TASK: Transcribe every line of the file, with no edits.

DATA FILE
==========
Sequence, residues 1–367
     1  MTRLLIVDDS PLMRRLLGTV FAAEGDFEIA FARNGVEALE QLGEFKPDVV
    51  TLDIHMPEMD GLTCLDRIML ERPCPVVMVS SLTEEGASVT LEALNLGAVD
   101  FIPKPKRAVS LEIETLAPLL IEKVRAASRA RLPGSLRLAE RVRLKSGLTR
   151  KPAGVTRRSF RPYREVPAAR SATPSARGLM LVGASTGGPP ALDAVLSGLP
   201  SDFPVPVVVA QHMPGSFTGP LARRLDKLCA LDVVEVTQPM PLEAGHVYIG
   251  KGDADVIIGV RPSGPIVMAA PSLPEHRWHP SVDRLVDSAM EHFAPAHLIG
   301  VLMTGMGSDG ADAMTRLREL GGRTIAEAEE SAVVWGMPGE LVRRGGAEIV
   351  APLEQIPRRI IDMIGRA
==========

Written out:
Sequence, residues 1–367
     1  MTRLLIVDDS PLMRRLLGTV FAAEGDFEIA FARNGVEALE QLGEFKPDVV
    51  TLDIHMPEMD GLTCLDRIML ERPCPVVMVS SLTEEGASVT LEALNLGAVD
   101  FIPKPKRAVS LEIETLAPLL IEKVRAASRA RLPGSLRLAE RVRLKSGLTR
   151  KPAGVTRRSF RPYREVPAAR SATPSARGLM LVGASTGGPP ALDAVLSGLP
   201  SDFPVPVVVA QHMPGSFTGP LARRLDKLCA LDVVEVTQPM PLEAGHVYIG
   251  KGDADVIIGV RPSGPIVMAA PSLPEHRWHP SVDRLVDSAM EHFAPAHLIG
   301  VLMTGMGSDG ADAMTRLREL GGRTIAEAEE SAVVWGMPGE LVRRGGAEIV
   351  APLEQIPRRI IDMIGRA